We offer treatment for Hepatoblastoma at the following locations in Northeast Ohio.

Hepatoblastoma Treatment at Cleveland Clinic Children’s

Your child’s personalized care plan is based on their age, medical history, where the tumors are, how many they have and how big they are. We also use a process called pre-treatment extent of disease (PRETEXT) to find out what stage (how advanced) the hepatoblastoma is. This is based on where the cancer is found in your child’s liver. Treatments for hepatoblastoma include:


We often suggest starting with medication (chemotherapy) to destroy cancer cells and shrink tumors (neoadjuvant chemotherapy). Surgery and chemo go hand-in-hand as the first hepatoblastoma treatments. We often use chemotherapy again after surgery to kill any remaining cancer cells.

Your child will have chemotherapy by mouth (oral), through a vein (IV) or as a shot (injection). We offer different types of chemotherapy, including:

  • Local chemotherapy: Directly targets cancer cells in your child’s liver.
  • Systemic chemotherapy: Targets cancer cells throughout your child’s body.
  • Transarterial chemoembolization (TACE): Targets liver tumors by injecting an anticancer drug into the artery that sends blood to your child’s liver. Then, we inject a substance that blocks the artery, trapping the anticancer drug around the tumor.

Some of the chemotherapy that’s typically used to treat hepatoblastoma can cause hearing loss or heart problems. But at Cleveland Clinic Children’s, we use other medications whenever possible to protect your child from these side effects.


Most children with hepatoblastoma need surgery (hepatectomy or liver resection) to remove tumors in their liver. The liver can regrow (regenerate) sections that are removed. Types of surgery include:

  • Partial hepatectomy: Removes the section of their liver where the tumors are. A partial hepatectomy can be open surgery or minimally invasive (laparoscopic) surgery.
  • Total hepatectomy: Removes their entire liver if tumors are too large for partial hepatectomy. After this surgery, we’ll do a liver transplant with a liver from a donor.

Ablation therapy

If hepatoblastoma comes back after treatment (recurs), we may suggest destroying the tumors without removing them through ablation therapy. Types of ablation therapy include:

  • Percutaneous ethanol injection: Injects pure alcohol (ethanol) directly into a tumor.
  • Radiofrequency ablation: Destroys the tumor using a thin probe that releases high-energy waves through a small incision (cut) in your child’s abdomen.

Recovery After Hepatoblastoma Treatment

If your child has a partial hepatectomy, they’ll stay in the hospital for several days. If they have open surgery, they should rest at home for four to eight weeks after leaving the hospital. They can usually return to regular activities after about 12 weeks. If they have minimally invasive surgery, they should rest at home for two to four weeks and, usually, return to their regular activities within six to eight weeks. They may need more chemotherapy, typically around two to four weeks after surgery.

If your child has a total hepatectomy and liver transplant, they’ll need to spend several days in the intensive care unit (ICU). They’ll get medications and fluids through an IV and stay in the hospital for one to three weeks as they recover.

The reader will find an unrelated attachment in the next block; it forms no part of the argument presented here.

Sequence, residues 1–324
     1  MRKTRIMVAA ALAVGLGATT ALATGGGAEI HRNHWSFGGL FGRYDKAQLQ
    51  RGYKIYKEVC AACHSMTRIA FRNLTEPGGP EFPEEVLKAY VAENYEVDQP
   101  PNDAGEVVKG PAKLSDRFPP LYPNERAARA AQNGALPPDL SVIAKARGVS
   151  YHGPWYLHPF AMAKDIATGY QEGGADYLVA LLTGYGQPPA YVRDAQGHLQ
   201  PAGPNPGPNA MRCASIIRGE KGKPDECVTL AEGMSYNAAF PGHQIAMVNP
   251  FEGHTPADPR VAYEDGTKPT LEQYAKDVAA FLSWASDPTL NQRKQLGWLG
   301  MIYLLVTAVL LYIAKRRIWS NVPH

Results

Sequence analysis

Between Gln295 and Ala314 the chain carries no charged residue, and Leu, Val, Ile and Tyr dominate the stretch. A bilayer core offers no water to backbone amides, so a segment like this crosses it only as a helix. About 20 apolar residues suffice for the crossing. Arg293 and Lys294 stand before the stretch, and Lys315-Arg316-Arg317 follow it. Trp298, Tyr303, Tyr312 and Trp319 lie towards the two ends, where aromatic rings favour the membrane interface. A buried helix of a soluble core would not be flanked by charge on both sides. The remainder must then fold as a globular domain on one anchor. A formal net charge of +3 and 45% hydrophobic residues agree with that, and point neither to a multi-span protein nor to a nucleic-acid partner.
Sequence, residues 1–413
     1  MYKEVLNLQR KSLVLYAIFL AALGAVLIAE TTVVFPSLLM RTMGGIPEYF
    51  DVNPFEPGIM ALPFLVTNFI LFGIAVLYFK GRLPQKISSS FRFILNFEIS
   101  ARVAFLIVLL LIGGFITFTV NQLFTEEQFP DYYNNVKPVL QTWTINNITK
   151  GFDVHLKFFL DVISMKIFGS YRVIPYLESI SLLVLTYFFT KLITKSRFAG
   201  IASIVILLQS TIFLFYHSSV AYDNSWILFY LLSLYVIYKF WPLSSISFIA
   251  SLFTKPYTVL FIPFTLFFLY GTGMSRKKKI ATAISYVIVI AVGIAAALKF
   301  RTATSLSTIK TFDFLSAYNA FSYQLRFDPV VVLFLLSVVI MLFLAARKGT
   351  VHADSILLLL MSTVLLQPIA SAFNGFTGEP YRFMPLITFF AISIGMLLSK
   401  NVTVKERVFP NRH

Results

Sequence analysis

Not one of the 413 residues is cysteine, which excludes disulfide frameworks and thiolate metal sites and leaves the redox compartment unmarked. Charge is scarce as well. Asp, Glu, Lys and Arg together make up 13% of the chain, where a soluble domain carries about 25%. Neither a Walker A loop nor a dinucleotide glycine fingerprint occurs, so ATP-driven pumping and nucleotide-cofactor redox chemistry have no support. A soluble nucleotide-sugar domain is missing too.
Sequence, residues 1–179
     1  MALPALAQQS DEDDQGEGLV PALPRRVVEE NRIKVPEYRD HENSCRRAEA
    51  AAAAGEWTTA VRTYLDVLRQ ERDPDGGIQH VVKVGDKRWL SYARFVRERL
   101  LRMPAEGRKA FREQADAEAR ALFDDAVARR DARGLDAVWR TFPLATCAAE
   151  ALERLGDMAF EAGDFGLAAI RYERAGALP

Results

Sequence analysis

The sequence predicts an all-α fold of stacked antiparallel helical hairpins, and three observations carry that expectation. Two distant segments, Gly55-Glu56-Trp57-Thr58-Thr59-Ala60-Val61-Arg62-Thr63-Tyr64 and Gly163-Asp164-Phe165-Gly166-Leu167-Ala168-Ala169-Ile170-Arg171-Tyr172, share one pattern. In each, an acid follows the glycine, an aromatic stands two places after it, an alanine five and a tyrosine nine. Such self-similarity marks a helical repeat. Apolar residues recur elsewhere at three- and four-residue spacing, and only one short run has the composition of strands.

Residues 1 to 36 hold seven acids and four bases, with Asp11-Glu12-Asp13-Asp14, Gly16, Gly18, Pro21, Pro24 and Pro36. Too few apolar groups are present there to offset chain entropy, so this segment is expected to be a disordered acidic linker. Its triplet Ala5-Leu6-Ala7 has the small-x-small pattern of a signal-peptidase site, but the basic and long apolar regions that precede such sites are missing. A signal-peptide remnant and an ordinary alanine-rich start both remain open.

You’ll take them to frequent checkups within the first month after the transplant. They can usually return to their regular activities within three months. Your child will need to take immunosuppressants for the rest of their life to prevent their body from rejecting their new liver.

Routine follow-up care

We’ll see your child regularly after hepatoblastoma treatment for follow-up exams and testing. We’ll check their overall health, make sure the cancer hasn’t come back and quickly take care of any health concerns.

Taking the Next Step

It’s hard to know where to turn when your child has a rare type of cancer. But getting expert care for hepatoblastoma right away will give your child the best possible results and a chance for a good recovery. Our solid tumor team specializes in helping families move through a hepatoblastoma diagnosis and find the best treatment for their child’s needs. We’re here to help your child go on to lead a full, active life.

Getting an appointment with Cleveland Clinic Children’s hepatoblastoma experts is easy. We’re here to help your child get the care they need.


Getting an appointment with Cleveland Clinic Children’s hepatoblastoma experts is easy. We’re here to help your child get the care they need.

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Mother hugging on her child, covering her shaved head due to cancer treatment.


Learning your child has cancer can be stressful, shocking and challenging. From the moment you get the news, your child is a survivor. As you face the challenges that go along with their cancer treatment and recovery — physical and emotional — we’ll be right there with you. At Cleveland Clinic Children’s, survivorship care is one part of your child’s journey. Through our Childhood Cancer Survivorship Program, you’ll find support for any medical and emotional challenges that may happen in the years following cancer treatment.

We’re also there for you throughout this entire journey. We offer a wide range of services, resources, clinics and support groups to help with any physical, emotional, financial and spiritual needs you might have related to your child’s cancer diagnosis. Lending a helping hand along the way, we want your child to not only survive, but thrive on this journey and beyond.